While I was trying to get inspired to write my first Navassa blog, Dave Mac called me to go on my second trip out, which usually happens later in the day but today there was one boat that came in earlier. We got ready pretty fast and by 1250 Jack, Steve and myself together with our coxswain Trey were on our way to the dive site. We went in the water at 1307 and dove down to about 94ft to patchy hard bottom in sand habitat. Jack tied the reel and I positioned myself to start my RVC count. A few minutes into my count, while rotating and recording all species of fish observed I looked down, and to my surprise inside of a barrel sponge I saw two lionfish! Lionfish are invasive and spreading rapidly throughout the Caribbean. Both fish were predominantly black and white, characteristic of the “black” lionfish. The largest individual was 25cm (both photos) and the smallest 18cm long (fork length). When I approach them the larger fish came out displaying its beautiful patterns and ornate fins, but after a minute or so it went back into the sponge. The smaller fish stayed in the sponge the entire time. I took photos and video of both fish. Upon arrival to the ship, we found out that about 20 minutes before my observation, Margaret had also seen one smaller lionfish while diving one of the fish traps. So, today is not only hump day for our expedition, but is a historic day. Today officially marks the first time a lionfish has been observed and recorded in the RVC database, and also around Navassa Island!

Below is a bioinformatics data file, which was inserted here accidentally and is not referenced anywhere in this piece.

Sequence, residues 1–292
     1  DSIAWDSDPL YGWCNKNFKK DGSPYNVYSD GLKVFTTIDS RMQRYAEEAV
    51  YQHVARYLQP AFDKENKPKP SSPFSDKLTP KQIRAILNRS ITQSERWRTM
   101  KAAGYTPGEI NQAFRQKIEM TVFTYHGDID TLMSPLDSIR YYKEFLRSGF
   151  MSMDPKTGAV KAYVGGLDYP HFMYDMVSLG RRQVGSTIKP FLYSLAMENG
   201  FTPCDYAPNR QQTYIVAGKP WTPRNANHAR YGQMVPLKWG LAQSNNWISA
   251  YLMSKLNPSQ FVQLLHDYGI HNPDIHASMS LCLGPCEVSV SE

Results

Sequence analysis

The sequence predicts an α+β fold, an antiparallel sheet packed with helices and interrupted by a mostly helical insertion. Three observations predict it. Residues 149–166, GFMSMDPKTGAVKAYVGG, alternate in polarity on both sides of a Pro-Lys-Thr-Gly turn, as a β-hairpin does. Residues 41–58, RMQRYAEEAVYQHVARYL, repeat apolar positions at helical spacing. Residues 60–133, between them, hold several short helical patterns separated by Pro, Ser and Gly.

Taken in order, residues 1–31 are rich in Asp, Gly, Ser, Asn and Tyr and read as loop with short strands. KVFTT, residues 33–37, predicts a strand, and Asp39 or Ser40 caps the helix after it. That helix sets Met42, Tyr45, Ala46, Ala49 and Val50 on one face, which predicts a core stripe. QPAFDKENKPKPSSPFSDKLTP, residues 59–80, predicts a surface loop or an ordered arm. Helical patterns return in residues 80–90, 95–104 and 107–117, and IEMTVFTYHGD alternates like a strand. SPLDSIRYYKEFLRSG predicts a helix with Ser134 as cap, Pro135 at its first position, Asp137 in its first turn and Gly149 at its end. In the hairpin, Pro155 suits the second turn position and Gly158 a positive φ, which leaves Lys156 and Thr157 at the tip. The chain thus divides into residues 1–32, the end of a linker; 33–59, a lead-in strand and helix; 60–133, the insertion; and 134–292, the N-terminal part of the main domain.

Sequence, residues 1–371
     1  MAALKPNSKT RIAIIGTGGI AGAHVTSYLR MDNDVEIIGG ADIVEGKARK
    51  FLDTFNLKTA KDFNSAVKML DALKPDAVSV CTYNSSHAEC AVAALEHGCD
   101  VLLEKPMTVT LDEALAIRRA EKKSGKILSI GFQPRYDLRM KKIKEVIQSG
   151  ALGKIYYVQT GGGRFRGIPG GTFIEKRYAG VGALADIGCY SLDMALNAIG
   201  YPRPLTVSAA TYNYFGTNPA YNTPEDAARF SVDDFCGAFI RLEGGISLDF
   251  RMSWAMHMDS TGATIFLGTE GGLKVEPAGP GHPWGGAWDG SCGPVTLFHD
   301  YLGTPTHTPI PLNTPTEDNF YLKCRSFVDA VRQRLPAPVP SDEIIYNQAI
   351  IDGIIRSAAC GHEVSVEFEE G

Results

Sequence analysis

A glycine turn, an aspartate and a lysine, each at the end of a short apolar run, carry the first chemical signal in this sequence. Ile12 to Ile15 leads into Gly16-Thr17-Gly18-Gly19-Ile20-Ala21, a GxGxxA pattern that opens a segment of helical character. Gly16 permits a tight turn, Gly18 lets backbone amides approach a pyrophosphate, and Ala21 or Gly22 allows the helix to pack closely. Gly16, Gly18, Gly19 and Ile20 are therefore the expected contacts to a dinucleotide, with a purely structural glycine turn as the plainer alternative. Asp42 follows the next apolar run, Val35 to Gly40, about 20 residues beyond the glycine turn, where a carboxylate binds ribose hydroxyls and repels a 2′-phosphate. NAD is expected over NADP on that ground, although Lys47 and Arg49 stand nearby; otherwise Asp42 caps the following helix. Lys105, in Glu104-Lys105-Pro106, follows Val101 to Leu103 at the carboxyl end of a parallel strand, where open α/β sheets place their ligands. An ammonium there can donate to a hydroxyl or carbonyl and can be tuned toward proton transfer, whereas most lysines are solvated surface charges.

Wednesday, April 29, 2009
Mike - photo wikipedia
Tomorrow we will continue with the CPUE data collection for the other four traps that have been observed around the island. And of course, we are eagerly awaiting the arrival of Haitian fishermen!
Tuesday, April 28, 2009
When I first visited Navassa in 2002, we encountered a few very small thickets of staghorn coral and scattered colonies on several of our dives to the deeper patch reefs. When we returned in 2004 we found coral disease actively spreading around the reefs of Navassa and only saw 1 colony in our many dives. In 2006 we found substantial coral bleaching and only found 2 small sprigs of this coral, one of which was diseased and dying! So this year we have once again issued an ALL POINTS BULLETIN for staghon coral sightings amongst the 12 divers in our group! So far one small colony has been seen by Jack Javech of the fish counting team. If the weather continues to be too rough to survey elkhorn coral along the wall I will join the hunt for this now rare and emperiled coral. Although it appeared to be doomed on our last visit, this is a relatively fast growing coral and I am hoping that we will find small colonies that have persisted through these tough times! --Dana
Dave Mc, Jack, Natalia (photo), Joe, Mike and Dave G.
Monday, April 27, 2009
Sunday, April 26, 2009
Before we arrive at Navassa, I need to finish rewriting my qualifying exams! I have attached the photo here so that my advisor can see how hard I am working.
Since most of the shallow area is wall, all of the corals that usually live on the shallow part of a typical reef have to find a way to live and grow sideways! In past years we have found Elkhorn coral growing and thriving in this environment. However, rather than growing up like a tree as it usually does, it encrusts the walls of Navassa forming a carpet of Elkhorn with stubby branches!
This year we hope to repeat this survey but it will depend on the weather conditions while we are there. To do this survey I have to swim very close to the rocks and big waves can make it a little dicey to say the least! --Dana
Saturday, April 25, 2009